In turn, the increase in debt placement needs can generate some pressure on market interest rates. To quantify this pressure, we use our macro – or fair value – interest rate model.5 The idea behind these models is that the interest rate on public debt depends on the macroeconomic fundamentals of the country in question and on the global economic environment. For instance, a country’s ability to service its payments depends on its level of indebtedness, expectations about its public surplus or deficit, and the future growth of the economy. Also, the state of the European economy as a whole determines the monetary policy that is set by the ECB, which it uses to influence the myriad of other interest rates. With these ingredients, and on the basis of the historical relationships between them, we can estimate what sovereign interest rate would be consistent with the macroeconomic fundamentals.6,7 This «macro rate» allows us to study the sensitivity of interest rates to changes in the economic scenario, such as a deterioration in the growth outlook or, as in the present case, a reduction in sovereign debt held by the Eurosystem. According to this exercise, the end of reinvestments under the APP ought to apply contained pressure on sovereign interest rates in 2023, in both the core andthe peripheral economies.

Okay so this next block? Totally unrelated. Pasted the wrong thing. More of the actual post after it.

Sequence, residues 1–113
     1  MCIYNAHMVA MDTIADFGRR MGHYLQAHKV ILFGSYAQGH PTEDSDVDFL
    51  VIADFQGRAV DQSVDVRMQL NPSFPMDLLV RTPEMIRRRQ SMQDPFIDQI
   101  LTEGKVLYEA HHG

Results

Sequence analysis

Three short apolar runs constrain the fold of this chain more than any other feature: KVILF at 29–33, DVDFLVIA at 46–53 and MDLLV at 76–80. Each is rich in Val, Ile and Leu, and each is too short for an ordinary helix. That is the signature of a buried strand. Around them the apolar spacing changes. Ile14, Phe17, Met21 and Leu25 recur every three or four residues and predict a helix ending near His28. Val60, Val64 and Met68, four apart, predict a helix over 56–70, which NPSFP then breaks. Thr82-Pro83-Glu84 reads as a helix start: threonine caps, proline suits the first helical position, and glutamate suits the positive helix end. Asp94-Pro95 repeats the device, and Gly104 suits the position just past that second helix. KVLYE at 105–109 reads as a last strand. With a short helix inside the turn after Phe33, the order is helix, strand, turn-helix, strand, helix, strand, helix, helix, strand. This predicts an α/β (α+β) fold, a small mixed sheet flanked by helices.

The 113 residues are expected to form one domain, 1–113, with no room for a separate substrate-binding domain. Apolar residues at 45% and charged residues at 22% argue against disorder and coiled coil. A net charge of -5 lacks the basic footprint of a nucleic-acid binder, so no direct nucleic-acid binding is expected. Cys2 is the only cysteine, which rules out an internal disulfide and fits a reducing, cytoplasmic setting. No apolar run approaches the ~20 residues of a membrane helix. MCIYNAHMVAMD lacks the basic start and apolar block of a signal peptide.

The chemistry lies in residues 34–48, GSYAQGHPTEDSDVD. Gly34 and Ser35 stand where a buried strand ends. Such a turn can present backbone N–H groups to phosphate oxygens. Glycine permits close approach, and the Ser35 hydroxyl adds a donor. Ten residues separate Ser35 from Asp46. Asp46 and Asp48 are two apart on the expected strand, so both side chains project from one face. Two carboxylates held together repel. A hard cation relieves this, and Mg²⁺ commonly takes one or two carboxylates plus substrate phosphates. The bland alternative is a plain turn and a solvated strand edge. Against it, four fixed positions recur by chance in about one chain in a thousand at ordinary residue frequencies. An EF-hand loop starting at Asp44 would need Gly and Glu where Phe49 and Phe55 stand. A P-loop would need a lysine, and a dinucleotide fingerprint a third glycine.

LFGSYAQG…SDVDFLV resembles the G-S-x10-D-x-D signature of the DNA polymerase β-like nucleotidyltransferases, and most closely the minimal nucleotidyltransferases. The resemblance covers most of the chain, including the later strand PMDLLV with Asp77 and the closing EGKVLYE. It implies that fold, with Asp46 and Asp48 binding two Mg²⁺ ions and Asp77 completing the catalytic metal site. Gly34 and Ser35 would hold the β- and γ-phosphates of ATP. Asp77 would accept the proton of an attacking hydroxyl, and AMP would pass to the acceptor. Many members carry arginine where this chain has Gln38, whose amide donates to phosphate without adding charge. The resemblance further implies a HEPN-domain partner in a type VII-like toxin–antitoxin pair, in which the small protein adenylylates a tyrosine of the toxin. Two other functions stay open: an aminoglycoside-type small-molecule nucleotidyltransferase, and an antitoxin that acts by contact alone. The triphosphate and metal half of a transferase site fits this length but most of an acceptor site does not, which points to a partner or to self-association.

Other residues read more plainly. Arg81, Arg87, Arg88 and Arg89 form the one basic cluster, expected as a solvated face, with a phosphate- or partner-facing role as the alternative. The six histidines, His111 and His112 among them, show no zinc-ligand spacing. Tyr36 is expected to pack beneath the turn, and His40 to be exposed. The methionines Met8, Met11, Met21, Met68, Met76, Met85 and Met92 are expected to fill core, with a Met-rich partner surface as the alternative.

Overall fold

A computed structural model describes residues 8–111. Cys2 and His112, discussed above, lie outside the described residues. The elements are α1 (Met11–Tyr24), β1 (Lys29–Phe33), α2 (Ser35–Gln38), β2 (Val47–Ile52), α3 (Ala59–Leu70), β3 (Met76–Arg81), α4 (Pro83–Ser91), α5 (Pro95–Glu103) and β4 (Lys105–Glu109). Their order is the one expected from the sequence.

Thus, overall the analysis suggests that in 2023 the reduction of the ECB’s balance sheet will accompany, rather than intensify, the tightening of monetary conditions triggered by the official rate hikes. While the experience of other institutions, such as the US Fed, shows that episodes of volatility can occur in the markets when central banks withdraw,8 it also makes it clear that the monetary authorities have tools at their disposal to restore the proper functioning of the markets if necessary.
- 5. See the Focus «The macroeconomic fragility of interest rates» in the MR10/2020.